Washington D.C., Jul 16, 2021 / 14:00 pm (CNA).
Grateful for aid to Iraqi Christian genocide victims, the Chaldean Catholic archbishop of Erbil says more must be done to ensure the ISIS genocide is not repeated.
“The help was there, and that’s really made a big difference,” Archbishop Bashar Warda of the Chaldean Catholic Archeparchy of Erbil told CNA this week in an interview. He credited international Catholic aid groups, including the Knights of Columbus, Aid to the Church in Need, and the U.S. bishops’ conference, with helping Christian survivors of ISIS genocide recover and rebuild in Northern Iraq in recent years.
In 2014, the Islamic State of Iraq and Syria (ISIS) invaded Mosul and the Nineveh Plain in Northern Iraq, displacing hundreds of thousands. The Archdiocese of Erbil, with its seat in Iraqi Kurdistan, received more than 13,000 families and set about trying to provide for their needs.
After ISIS forces were driven back westward in 2016, families began returning to their homes in Nineveh. Of the 13,000 displaced families living around Erbil, around 9,000 of them returned to nine villages in Nineveh, while 2,600 families remained in Erbil; the rest left Iraq, Archbishop Warda said.
He emphasized that more must be done to ensure long-term security and stability for Christians in the region. “We should all work together as collective responsibility on not making it [genocide] happen again,” he said.
The archdiocese has been assisting displaced families for years, providing necessities such as food, shelter, and medicine, but also trying to ensure long-term stability through employment and educational opportunities.
“It’s not about showing the skills of how to care, or showing how generous we are. It’s about the people who were affected by this crisis, the families who were displaced, deprived from everything,” Warda said. “It’s not about us. It’s about them.”
Archbishop Warda spoke with CNA this week at the International Religious Freedom Summit in Washington, D.C. He was a keynote speaker at a plenary session of the gathering, which featured survivors of religious persecution as well as religious and civic leaders from around the world.
In an interview with CNA, he emphasized the need for Iraqi Christians to not just be the recipients of aid, but to “share,” “give,” and actively participate in the life of their communities, in order to have a future in Iraq. For those who have returned to their homes, some villages are still so poor that parishes cannot cover the salary of their priests, he said.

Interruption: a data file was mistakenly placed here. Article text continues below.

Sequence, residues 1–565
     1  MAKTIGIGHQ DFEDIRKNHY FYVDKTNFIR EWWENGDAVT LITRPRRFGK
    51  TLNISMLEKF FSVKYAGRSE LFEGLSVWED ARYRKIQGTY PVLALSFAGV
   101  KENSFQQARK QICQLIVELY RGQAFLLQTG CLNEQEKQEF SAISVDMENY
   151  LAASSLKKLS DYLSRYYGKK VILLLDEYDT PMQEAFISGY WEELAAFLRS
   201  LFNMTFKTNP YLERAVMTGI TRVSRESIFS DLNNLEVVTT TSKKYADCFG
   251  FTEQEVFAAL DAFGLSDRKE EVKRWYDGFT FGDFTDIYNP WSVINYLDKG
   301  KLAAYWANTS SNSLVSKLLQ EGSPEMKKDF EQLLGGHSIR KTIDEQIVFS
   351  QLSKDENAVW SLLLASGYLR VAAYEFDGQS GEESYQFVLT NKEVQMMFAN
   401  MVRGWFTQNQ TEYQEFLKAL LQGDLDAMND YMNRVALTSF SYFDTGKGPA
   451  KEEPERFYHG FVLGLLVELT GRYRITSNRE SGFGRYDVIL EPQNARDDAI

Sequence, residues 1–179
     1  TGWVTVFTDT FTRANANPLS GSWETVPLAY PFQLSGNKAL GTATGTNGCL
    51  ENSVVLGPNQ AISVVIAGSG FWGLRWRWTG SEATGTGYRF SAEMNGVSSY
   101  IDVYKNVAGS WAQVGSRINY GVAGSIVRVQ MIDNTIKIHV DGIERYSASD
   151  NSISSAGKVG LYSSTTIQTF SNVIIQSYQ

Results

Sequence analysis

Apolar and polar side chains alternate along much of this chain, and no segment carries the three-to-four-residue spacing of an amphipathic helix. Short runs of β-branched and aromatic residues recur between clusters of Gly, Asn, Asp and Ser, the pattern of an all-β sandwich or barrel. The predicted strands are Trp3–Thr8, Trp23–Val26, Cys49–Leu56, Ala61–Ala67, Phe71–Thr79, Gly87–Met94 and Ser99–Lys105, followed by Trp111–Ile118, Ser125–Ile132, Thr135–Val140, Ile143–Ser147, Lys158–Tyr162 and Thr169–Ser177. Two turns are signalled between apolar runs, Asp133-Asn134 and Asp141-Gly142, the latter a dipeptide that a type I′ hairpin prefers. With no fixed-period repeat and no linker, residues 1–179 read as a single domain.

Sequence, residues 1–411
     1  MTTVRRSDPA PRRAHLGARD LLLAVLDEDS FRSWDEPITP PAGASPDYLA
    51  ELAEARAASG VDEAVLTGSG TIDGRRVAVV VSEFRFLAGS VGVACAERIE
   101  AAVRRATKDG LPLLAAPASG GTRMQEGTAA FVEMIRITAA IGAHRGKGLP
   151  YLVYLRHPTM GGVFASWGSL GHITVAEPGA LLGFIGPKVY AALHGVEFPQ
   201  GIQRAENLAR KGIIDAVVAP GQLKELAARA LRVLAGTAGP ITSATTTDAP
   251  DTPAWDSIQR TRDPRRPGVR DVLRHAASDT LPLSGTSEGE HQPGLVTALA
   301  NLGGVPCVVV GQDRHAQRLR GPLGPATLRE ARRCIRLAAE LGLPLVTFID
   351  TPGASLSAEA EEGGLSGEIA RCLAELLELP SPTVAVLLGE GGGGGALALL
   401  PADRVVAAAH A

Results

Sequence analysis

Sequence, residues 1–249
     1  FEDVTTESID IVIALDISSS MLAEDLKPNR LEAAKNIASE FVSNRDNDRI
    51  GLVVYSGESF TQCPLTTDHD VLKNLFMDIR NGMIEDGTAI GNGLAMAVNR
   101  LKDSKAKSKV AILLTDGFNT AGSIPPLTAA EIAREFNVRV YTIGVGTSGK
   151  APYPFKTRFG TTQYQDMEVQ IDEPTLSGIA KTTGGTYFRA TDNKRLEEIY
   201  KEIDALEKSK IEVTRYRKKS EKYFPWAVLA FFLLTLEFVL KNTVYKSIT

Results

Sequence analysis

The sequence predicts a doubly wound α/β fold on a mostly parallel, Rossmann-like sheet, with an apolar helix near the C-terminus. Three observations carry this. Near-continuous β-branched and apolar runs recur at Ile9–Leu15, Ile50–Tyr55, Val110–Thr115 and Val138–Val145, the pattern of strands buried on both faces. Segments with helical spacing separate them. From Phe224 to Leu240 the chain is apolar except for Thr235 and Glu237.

“Those wounds are still bleeding, in a way,” he said of the genocide survivors. “If we want them to stay, dignity should be protected.”
For those families who have not yet returned home, they have cited a lack of security as a primary reason. Armed Shia military groups still patrol parts of the Nineveh Plains, and Warda told CNA in August 2020 that Christians in some areas were subject to physical violence or harassment and militia-armed checkpoints.
Iraqi Christians need support on many levels, he said, including political representation, humanitarian aid, spiritual support, and advocacy.
The men, in particular, need employment and not just financial aid, he said. Men would come to him, saying “I cannot sit the whole day, someone is working at home preparing for me a breakfast. I should deserve my food, my breakfast, my lunch,” the archbishop said.
“Every day I would receive three to five calls and visits to my office, ‘Help me finding a job. Help me finding a job. I am not here for money, I am here for [a] job. Please,’” the archbishop recounted. He established a network with local businessmen to help connect job-seekers with employment opportunities.
The archdiocese has also been investing in education, establishing four Catholic schools including the new St. Thomas Academy of the Chesterton Schools Network, as well as a university and hospital. The institutions together provide more than 460 secure jobs, he said.
“It’s about the quality of education, really, that I would like to bring to my people there,” Archbishop Warda said.
He said his vision involves Christians as “a creative minority” in Iraq, “a minority of professional people, people of influence when it comes to education, health care.”
“Talking about the future is a call to make that future, it’s not waiting for someone to make this future happen for you,” he said. “I don’t want them [Christians]to be isolated in an area where they will be taken care of always by NGOs.”
In addition, graduates from the Franciscan University of Steubenville in Ohio have come to the archdiocese as part of a partnership, teaching English, math, and religion at schools. “It’s really a big sign of solidarity,” Warda said.
Pope Francis’ recent visit to Iraq in March “came, really, in a moment when Christians were in desperate need for joy,” he said. The papal visit brought worldwide attention on Iraqi Christians.
“People started to know a lot about Christians in Iraq because of his presence,” Archbishop Warda said of Pope Francis, “about the roots, about the past.”
“We are important for the whole Catholic Church,” he added. “We are not forgotten.”
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